A few other resellers have announced support for Solaris, including Toshiba. Interestingly enough, Toshiba, Fujitsu and Siemens, while "official" Solaris partners, still do a fair bit of business pushing SCO's Unixware on their Intel servers.

Incidentally, Sun also owns the rights to both Interactive Unix, an old X86 SVR3 variant, and ChorusOS, a Unix-based RTOS.

Hefty: HP-UX :
Hewlett-Packard (HP-UX + SPP-UX), and possibly NEC (SUPER-UX, EWS-UX/V), Stratus (FTX), Hitachi (HI-UX)

Hewlett-Packard, for all that it is partnered with Intel in designing the IA-64 architecture, really hasn't seemed to do much in the alliance game. HP's original agreement with SCO fell apart, briefly causing the latter's stock to nose-dive. Right now, Hewlett-Packard has only signed up partners with which it has had very long-standing relations: NEC, Hitachi, and Stratus. It has not been announced if these partners will contribute a single line of code to HP-UX, or do anything other than sell it on their own hardware. Of the three, Hitachi is most likely to provide something to HP - its HI-UX is in itself a variant of HP-UX. Stratus' situation is somewhat murky; it apparently has backed off from porting FTX to the IA-64 architecture, but the decision may be re-evaluated once the Stratus Enterprise division is again independent.

The only strains of code definitely available to be put into HP-UX would come from Convex's SPP-UX. Convex was a small high-end vendor (and another traditional ally of HP) which was purchased by Hewlett-Packard.

"True of Heart, True of Bits": Tru 64:
Compaq (Tru 64 [formerly DIGITAL UNIX] + NONSTOP-UX) + Samsung

Though their agreement with Sequent collapsed, Compaq is still out there. The company's goal is to merge Digital's "Digital Unix" (now only a working title) with its Tandem division's NONSTOP-UX. Compaq's agreement with Microsoft also may stand them in good stead; Microsoft views Compaq as having the most acceptable Unix to be NT's friend.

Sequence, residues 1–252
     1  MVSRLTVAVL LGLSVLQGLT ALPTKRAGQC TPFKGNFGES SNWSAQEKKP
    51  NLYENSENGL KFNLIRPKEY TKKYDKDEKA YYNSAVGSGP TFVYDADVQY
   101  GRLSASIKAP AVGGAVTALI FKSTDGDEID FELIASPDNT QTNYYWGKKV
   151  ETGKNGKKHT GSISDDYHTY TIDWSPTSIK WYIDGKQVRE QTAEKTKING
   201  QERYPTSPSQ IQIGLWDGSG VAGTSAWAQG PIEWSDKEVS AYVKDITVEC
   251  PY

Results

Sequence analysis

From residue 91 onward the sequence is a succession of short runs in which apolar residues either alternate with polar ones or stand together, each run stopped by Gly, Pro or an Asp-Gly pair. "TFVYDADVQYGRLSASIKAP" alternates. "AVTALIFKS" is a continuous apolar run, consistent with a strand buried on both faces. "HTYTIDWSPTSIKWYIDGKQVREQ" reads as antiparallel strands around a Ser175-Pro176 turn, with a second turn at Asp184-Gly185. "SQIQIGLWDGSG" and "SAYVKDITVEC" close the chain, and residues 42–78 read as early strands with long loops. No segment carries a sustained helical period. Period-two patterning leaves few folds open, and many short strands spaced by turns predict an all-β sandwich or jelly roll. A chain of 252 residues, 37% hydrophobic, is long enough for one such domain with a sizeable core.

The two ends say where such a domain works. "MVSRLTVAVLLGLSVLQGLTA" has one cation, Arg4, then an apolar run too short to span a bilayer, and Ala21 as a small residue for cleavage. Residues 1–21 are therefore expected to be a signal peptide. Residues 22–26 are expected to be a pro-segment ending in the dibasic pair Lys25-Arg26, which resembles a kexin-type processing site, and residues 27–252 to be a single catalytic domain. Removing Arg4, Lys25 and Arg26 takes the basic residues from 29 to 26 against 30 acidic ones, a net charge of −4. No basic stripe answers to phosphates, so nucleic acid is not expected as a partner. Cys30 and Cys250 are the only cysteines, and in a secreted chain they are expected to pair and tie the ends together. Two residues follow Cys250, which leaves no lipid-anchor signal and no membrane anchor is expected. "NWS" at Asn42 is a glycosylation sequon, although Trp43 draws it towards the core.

Unlike the other vendors, Compaq is not trumpeting its efforts to port Tru 64 (the current name of Digital Unix) to the IA-64. Compaq will instead be relying in the near term on the Alpha. In fact, they have announced that its Tandem division's NONSTOP-UX will be ported from its current MIPS processors to the Alpha by 2002.

Compaq has two advantages in this crowded field. Their Alpha processor is the fastest chip currently in production, and unlike its competitors, Tru 64 has been a 64-bit operating system since Digital Unix debuted on the Alpha.

Samsung has declared that they will provide some support for Digital Unix, working to localize it for Korean consumption. Their hardware development is more important to Tru 64's success; Samsung is putting extensive resources into the production of their version of the Alpha processor.

Also in Asia, the "China National Computer Software and Technology Service Corporation" announced that Digital Unix would serve as the basis for COSIX - the official state-supported Unix variant of the People's Republic of China.


Both BSDI and SGI have announced plans to port BSD/OS and Irix to the Merced architecture, respectively.

SGI (Irix)

SGI has been flailing around, with the collapse of its hopes for MIPS and its failure to find an IA-64 partner. SGI also controls the Unicos operating system, purchased along with Cray, but this has been in their hands so long that they probably can't derive any more benefit from of it.


BSDI stands out in a field that is increasingly dominated by the children of AT&T's SVR4. Already an x86 vendor, porting to Merced will not be the hassle for BSDI that it may be for others. Strong ties with the various freeware BSD variants (FreeBSD, OpenBSD, NetBSD) helps in getting commercial and freeware applications ported to BSD/OS.

Summary of Unix Mergers, as of now

Sun is clearly ahead, having started so much earlier then everyone else. IBM/SCO will be a force to reckon with -- Himalaya has by far the greatest market reach. Compaq, Fujitsu, Siemens, and many other x86 vendors have been selling SCO's Unixware and OpenServer for a very long time. Hewlett-Packard presumably ranks third on the basis of its inside information into the design of the Merced processor. After being hammered for an apparently insincere commitment to the Unix operating system, they are trying to push themselves back in the running. Compaq is, alas, in last place. As if having Sequent jump ship isn't enough, they are experiencing delays in producing the new version of Tru 64. Delivery is now scheduled for sometime during 2000. SGI doesn't even seem to be in the running.